The news on the foreclosure crisis, which is only one expression of a global financial crisis that has decimated the ranks of lenders and well established investment institutions, continues to get worse. A growing number of American homeowners with once good credit are rapidly falling behind on their mortgage payments, amplifying a wave of foreclosures.
From CNBC: In the latest phase of the nation’s real estate disaster, the locus of trouble has shifted from subprime loans….to the far more numerous prime loans issued to those with decent financial histories.
With many economists anticipating that the unemployment rate will rise into the double digits……foreclosures are expected to accelerate. That could exacerbate bank losses, adding pressure to the financial system and the broader economy.
“We’re about to have a big problem,” said Morris A. Davis, a real estate expert at the University of Wisconsin. “Foreclosures were bad last year? It’s going to get worse.”
From November to February, the number of prime mortgages that were delinquent at least 90 days….increased more than 473,000, exceeding 1.5 million, according to a New York Times analysis of data provided by First American CoreLogic…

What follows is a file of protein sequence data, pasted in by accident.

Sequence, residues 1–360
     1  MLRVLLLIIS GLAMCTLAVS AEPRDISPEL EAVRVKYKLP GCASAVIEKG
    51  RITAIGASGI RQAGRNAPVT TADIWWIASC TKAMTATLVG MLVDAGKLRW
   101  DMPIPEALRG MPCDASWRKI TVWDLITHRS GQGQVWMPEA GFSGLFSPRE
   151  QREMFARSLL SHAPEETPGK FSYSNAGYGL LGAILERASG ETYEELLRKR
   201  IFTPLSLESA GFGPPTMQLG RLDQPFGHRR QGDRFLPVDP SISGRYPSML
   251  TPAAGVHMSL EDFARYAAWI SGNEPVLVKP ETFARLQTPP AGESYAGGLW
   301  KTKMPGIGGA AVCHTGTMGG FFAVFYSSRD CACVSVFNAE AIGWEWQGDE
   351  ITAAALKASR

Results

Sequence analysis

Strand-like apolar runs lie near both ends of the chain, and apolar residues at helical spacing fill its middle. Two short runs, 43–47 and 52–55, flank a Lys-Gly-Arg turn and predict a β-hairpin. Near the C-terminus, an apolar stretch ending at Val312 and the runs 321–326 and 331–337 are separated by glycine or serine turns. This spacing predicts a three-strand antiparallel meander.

Those loans totaled more than $224 billion….
Over all, more than four million loans worth $717 billion were in [distress]…in February, a jump of more than 60 percent in dollar terms compared with a year earlier.
Lenders and services lose an estimated $50K per foreclosure, according to a study by the Federal Reserve Bank of Chicago, and municipalities up to $34K. So an additional two million foreclosures could mean an additional $100 billion in lender losses.
The negative economic impact of another wave of foreclosures across the US goes beyond the individual borrower. Each party associated with a foreclosure loses current and future revenue and incurs significant costs. Lenders lose principal and interest payments, servicers lose fee income and neighborhoods realized decreased property values.
Nationwide, an average of $5,000 in housing value is lost for each home near a foreclosure.